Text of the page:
Filmed by Ford Fischer
Photos and Article by Alejandro Alvarz
While momentum behind the Republican tax plan mounts, Democratic members of Congress and progressive activists are pressing back against a fiscal policy they’re slamming down as a scam.
Senators Elizabeth Warren, Bernie Sanders and Chuck Schumer joined Washington-area activists outside the House on Wednesday afternoon for a rally organized by the Tax March, the same grassroots organization behind the April 15 event that featured thousands coming out across the country calling on President Donald Trump to release his eagerly-awaited tax returns.
What followed was a three-hour, star-studded presentation arguing the failure of trickle-down economics, the unfair reign of the wealthy over the middle and poorer class, and the merits of a welfare-based system. Most speakers derided the new plan as favoring corporate rights over individuals and granting millions of dollars in giveaways to Trump’s rich associates, spawning the event’s title and chant of choice, “not one penny.”
“This is the biggest abomination I’ve seen in all my years in the Senate, and Americans will regret this bill for decades,” said Schumer, with the backdrop of a larger-than-life papier-mâché caricature of Trump himself. “This bill is like a dead fish: the more sunlight it gets, the more it stinks.”
The tax plan is the Trump administration’s latest attempt at following through on a campaign promise, not long after the conclusion of a drawn-out battle over healthcare reform. Though Congress has yet to flesh out specifics to reform a tax code spanning over 70,000 pages, a framework being pushed through the House proposes chances including tax cuts for businesses of any size and reduced taxes across the board, though it remains unclear how those breaks would be distributed between high, middle, and low earners. The White House and congressional Democrats will likely disagree on the economic implications of a proposed $1.5 trillion in tax cuts.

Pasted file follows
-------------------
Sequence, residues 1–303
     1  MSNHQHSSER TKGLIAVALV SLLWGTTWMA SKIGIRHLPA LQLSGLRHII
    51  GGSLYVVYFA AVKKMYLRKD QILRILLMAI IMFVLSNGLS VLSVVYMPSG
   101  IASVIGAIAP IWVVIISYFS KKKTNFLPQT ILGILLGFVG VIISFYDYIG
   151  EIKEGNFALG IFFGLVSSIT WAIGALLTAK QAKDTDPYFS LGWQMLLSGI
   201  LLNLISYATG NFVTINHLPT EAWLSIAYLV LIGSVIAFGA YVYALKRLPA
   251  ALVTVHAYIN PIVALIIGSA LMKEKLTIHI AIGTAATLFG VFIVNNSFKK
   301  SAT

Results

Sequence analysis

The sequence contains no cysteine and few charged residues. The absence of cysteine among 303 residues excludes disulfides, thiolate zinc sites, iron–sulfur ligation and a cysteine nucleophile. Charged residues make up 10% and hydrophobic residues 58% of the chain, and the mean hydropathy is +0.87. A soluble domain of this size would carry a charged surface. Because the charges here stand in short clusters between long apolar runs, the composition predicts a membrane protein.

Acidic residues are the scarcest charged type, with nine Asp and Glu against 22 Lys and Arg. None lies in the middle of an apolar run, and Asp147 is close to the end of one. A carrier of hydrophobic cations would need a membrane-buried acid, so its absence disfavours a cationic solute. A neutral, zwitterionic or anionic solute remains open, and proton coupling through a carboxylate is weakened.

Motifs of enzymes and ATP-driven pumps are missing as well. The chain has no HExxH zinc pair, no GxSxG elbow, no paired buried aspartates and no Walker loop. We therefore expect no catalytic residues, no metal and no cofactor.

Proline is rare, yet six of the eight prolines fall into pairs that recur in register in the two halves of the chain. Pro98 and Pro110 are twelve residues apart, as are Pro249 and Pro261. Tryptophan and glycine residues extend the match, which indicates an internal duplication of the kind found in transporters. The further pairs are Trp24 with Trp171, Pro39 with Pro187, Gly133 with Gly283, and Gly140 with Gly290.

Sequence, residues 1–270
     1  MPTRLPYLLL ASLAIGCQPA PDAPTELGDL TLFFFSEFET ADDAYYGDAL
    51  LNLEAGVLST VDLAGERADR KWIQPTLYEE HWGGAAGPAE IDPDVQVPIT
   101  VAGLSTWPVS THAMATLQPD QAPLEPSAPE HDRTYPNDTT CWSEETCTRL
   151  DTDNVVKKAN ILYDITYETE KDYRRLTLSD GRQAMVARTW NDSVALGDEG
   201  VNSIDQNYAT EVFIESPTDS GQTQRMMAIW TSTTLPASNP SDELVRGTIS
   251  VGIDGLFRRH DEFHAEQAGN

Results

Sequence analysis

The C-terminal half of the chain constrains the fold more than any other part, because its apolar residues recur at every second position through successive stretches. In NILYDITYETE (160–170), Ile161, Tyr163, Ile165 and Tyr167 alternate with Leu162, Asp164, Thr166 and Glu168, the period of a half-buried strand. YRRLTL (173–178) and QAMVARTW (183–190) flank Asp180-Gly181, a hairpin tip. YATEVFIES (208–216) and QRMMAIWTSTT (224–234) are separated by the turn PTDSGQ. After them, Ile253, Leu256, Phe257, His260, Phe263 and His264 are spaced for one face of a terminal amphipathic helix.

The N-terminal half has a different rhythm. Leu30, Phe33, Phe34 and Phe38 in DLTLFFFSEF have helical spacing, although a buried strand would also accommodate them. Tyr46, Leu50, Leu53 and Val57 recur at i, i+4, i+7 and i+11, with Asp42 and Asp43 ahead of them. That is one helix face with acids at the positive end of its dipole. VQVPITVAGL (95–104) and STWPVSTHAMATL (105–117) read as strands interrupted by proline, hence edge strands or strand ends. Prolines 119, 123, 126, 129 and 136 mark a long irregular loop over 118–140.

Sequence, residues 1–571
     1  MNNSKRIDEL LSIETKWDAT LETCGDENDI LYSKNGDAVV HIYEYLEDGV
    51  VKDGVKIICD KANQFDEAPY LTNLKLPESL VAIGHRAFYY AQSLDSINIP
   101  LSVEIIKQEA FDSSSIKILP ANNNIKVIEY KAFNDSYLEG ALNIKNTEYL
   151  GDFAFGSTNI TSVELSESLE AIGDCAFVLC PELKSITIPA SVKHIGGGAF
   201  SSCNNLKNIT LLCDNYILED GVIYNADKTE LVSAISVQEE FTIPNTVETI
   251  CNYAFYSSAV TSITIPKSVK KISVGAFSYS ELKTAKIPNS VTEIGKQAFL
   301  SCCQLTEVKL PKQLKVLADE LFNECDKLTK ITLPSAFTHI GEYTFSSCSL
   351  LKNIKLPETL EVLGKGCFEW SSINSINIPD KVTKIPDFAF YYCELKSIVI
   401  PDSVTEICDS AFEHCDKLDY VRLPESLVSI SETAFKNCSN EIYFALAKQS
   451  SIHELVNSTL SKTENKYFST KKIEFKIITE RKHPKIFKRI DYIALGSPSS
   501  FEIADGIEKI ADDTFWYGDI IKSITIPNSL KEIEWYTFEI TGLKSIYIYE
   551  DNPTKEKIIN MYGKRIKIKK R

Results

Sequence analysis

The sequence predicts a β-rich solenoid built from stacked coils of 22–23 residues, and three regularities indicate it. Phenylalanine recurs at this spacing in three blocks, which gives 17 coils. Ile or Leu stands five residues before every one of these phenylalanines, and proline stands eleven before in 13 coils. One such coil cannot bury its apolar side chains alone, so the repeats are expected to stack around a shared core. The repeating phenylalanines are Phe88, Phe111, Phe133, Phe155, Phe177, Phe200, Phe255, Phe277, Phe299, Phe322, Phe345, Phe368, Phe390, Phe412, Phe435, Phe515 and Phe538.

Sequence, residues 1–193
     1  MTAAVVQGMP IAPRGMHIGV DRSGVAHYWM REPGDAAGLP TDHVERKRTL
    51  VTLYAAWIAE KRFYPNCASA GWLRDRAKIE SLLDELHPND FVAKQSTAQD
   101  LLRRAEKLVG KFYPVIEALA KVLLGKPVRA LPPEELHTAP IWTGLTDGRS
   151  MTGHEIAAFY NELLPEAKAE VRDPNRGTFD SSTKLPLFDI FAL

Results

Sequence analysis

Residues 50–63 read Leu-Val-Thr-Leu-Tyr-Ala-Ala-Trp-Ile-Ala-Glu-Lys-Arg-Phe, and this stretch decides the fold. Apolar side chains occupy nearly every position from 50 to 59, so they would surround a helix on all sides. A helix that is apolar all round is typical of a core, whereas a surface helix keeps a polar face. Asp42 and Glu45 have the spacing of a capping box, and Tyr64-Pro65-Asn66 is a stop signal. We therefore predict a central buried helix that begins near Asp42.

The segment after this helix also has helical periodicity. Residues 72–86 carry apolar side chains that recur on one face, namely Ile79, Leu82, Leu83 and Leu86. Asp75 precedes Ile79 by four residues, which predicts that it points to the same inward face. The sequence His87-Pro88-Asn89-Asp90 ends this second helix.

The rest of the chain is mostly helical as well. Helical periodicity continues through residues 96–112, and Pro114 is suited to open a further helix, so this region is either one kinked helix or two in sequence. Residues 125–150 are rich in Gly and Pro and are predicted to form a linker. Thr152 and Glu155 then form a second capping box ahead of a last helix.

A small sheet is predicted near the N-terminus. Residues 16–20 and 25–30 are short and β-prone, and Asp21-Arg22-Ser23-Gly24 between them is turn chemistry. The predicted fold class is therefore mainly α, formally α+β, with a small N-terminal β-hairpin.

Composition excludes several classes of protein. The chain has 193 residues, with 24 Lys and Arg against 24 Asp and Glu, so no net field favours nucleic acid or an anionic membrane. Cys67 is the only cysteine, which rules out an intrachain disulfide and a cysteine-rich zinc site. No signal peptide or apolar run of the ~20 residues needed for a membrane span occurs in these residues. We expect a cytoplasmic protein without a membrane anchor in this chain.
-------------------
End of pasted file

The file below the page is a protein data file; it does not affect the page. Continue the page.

“We will not let the Republicans rig the system even more for the rich and powerful,” said Senator Warren, after being introduced by a woman dressed as Monopoly’s Rich Uncle Pennybags who said the Massachusetts Senator was one politician they “couldn’t buy out.” Warren led the crowd through several chants of “no corporate giveaways” and said the latest Republican reform effort, coupled with the defunct healthcare push, reveals “who the Republicans really worked for – their billionaire donors and giant corporations.”
Wednesday’s rally is the first significant protest in Washington against the tax plan, after House Republicans cleared the way for an overhaul with a vote on October 26. Organizers repeatedly promised marches, call-ins, and office visits in a call for public outcry against the proposal resembling the concerted effort the nation’s capital witnessed against the healthcare plan’s multiple iterations over the summer.
About 100 people attended the event, sponsored by a long billing of organizations including MoveOn, Indivisible, and the Center for American Progress.
See the full speeches:
Sheila Jackson Lee